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Replacing the A/C Compressor on a 5VZFE (Tacoma, Tundra, 4Runner)

Background - If At First You Don't Succeed...

My A/C hasn't worked for the last couple of years and I'd finally gotten around to fixing it - or at least, so I thought! A local Toyota dealer theoretically diagnosed my issue as being a problem with my A/C Evap Core, and I set about fixing that in It's Too Damn Hot In Here - Fixing the A/C. Turns out, that didn't fix the problem - and so next on my list was replacing the only moving part in the system - the A/C compressor.

That's a story worth reading in itself, and if you're interested, check out If At First You Don't Succeed - Fixing the A/C, Again. But, if all you're interested in is how to replace your A/C compressor, then simply keep reading below...

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Gathering Parts

Replacing the A/C compressor means you'll - obviously - need a new compressor. You have a couple good options in this space - OEM or Denso:

You should also pick up a few other things at the same time. Any o-rings you run into should be replaced, and it's good practice to replace your Receiver/Drier any time you replace a major component of your A/C system. So, then, the following parts:

Tools for the Job

You'll need the following tools and supplies regardless of whether you're charging the system yourself:

Note: You only need the following tools if you're going to charge the A/C system yourself. It's easy - and cheaper than the $150 or so to have a shop do it - so I recommend picking these up if you don't have them already:

  • A/C Diagnostic Manifold Gauge Set - this gauge set would allow me to test the system and to charge the system with 134a refrigerant once I knew it would hold pressure.
  • A/C Vacuum Pump - working in tandem with the manifold, the vacuum pump removes all air (and more importantly moisture) from the A/C system prior to charging.
  • 2, 12oz cans of 134a A/C refrigerant - this is the stuff that makes it chilly.
  • A/C Can Tap for R134A Refrigerant - connects the cans of refrigerant to the manifold gauge.

Doing the Job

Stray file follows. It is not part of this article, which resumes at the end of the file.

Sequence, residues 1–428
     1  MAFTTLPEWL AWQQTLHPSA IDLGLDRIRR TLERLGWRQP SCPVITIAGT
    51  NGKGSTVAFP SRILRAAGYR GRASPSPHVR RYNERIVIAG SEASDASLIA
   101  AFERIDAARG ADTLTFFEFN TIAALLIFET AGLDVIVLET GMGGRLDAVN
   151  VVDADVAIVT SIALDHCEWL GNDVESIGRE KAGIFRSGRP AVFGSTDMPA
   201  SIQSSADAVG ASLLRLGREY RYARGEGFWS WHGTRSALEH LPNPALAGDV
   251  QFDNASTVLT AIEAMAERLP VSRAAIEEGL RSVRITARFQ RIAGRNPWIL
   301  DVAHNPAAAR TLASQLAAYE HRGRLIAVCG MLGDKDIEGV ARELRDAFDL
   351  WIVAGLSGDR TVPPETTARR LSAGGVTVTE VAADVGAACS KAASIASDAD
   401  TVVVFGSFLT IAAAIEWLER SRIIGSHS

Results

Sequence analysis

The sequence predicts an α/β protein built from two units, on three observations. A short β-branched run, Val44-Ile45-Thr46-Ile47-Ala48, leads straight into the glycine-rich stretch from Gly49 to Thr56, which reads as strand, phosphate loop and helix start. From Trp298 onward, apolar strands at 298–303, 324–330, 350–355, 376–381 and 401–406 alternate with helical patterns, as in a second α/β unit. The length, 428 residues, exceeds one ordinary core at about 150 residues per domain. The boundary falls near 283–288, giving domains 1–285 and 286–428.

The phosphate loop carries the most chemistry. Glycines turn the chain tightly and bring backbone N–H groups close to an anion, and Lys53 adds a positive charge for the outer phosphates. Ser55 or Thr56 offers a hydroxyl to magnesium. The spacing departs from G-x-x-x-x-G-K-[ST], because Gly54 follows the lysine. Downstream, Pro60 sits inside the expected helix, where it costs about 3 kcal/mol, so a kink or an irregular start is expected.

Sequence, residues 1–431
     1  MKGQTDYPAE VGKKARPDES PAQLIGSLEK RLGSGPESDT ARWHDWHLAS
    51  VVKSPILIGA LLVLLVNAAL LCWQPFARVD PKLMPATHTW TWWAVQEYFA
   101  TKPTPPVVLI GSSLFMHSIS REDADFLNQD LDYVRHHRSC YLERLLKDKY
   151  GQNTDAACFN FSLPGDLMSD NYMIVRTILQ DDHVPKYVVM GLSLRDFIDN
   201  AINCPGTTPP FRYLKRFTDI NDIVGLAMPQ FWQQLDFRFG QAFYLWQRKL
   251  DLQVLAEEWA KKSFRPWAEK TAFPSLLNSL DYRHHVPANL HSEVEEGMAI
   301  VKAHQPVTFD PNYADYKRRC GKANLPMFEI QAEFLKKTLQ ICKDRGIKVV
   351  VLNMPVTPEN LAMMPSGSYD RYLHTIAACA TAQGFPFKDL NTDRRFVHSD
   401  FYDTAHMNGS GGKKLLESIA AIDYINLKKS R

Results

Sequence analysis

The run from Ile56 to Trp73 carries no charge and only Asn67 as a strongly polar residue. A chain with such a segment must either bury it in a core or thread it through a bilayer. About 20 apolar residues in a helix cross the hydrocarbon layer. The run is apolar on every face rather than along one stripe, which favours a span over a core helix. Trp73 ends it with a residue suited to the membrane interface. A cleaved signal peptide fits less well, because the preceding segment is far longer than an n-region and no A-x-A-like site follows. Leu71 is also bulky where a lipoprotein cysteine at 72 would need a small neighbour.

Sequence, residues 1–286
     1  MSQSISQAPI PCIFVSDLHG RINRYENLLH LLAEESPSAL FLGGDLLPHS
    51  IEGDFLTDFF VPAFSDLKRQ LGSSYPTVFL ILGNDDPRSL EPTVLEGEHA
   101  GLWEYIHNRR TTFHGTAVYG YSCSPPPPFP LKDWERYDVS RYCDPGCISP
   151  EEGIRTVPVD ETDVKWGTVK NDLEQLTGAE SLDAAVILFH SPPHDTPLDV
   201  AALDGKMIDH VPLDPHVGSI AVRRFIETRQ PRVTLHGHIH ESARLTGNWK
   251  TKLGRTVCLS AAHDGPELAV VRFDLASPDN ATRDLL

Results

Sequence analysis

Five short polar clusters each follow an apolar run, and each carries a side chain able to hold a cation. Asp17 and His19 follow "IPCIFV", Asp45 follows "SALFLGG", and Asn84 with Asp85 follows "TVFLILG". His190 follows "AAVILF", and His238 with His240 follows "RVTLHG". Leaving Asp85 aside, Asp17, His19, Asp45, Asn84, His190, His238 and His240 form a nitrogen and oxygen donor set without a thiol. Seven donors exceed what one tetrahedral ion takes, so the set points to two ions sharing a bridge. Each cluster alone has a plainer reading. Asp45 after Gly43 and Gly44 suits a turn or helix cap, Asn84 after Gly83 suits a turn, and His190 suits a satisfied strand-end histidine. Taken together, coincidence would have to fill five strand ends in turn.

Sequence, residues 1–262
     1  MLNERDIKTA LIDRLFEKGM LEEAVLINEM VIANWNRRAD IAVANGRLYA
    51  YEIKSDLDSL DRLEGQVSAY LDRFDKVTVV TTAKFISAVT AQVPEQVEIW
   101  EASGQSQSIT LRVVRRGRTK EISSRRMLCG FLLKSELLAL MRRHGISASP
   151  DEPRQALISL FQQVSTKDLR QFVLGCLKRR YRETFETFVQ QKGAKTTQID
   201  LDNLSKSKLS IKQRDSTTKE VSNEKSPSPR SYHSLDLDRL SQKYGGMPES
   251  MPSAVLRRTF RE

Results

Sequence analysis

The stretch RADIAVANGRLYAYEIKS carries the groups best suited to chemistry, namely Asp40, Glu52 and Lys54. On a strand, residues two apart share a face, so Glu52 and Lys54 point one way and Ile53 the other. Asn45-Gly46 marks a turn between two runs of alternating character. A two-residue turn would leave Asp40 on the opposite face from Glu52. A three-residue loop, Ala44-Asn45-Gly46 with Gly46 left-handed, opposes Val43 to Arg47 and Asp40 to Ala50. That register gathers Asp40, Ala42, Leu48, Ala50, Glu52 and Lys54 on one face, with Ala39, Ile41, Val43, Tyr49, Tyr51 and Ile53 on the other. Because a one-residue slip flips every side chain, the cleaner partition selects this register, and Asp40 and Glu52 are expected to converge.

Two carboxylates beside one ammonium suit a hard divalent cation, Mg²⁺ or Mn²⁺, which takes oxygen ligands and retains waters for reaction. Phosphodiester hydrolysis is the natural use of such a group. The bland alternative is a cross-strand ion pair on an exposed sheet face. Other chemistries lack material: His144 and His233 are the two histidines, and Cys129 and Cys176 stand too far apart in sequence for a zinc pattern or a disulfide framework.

With all the parts in hand, let's get started - it's straight forward and has 5 major sections.

  1. Replacing the Receiver/Drier - covered in Replacing the A/C Receiver/Drier on a 1st gen Tacoma.
  2. Removing the Air Box and Power Steering Pump to gain access to the A/C compressor. Covered below.
  3. Removing and replacing the A/C compressor. Covered below.
  4. Putting everything back together. Covered below.
  5. Charging the A/C system - covered in Charging the A/C System on a 1st Gen Tacoma.

Replacing the Receiver/Drier

Since I knew I was going to be coming at the A/C system from both ends, I got started in the engine bay, replacing the A/C Receiver Drier. The work in this replacement is actually in accessing the Drier, since you have to remove the grill and headlight.

It's not hard however, and you can see exactly how to do it here:

Replacing the A/C Receiver/Drier on a 1st gen Tacoma

Once you've replaced the Receiver/Drier, don't put anything else back together yet, since you'll want to test the A/C system for leaks before you get all buttoned up. Instead, move on to removal of the A/C evaporator core.

Removing the Air Box and Power Steering Pump

With a 5VZFE (v6) engine, there's no room to get the A/C compressor out of the engine bay without removing the Power Steering Pump first. It takes some time to access the bolts, and can be a bit messy, but stick with it - getting it all back in is much easier.

Start by removing the box housing the air filter.

  1. Remove the 3, 12mm bolts that secure it to the truck.
  2. Loosen the 10mm hose clamp that leads to the air intake tube, and disconnect the large tube.
  3. Loosen the compression clamp that holds the small vacuum tube to the box, and disconnect the small line.
  4. Unplug the MAF.
  5. Wiggle out the air box and set it aside.

With the air box removed, there's more room to work on the power steering ump. First remove the electrical connector (a), then the fluid lines (b), and finally the fasteners securing the pump (c).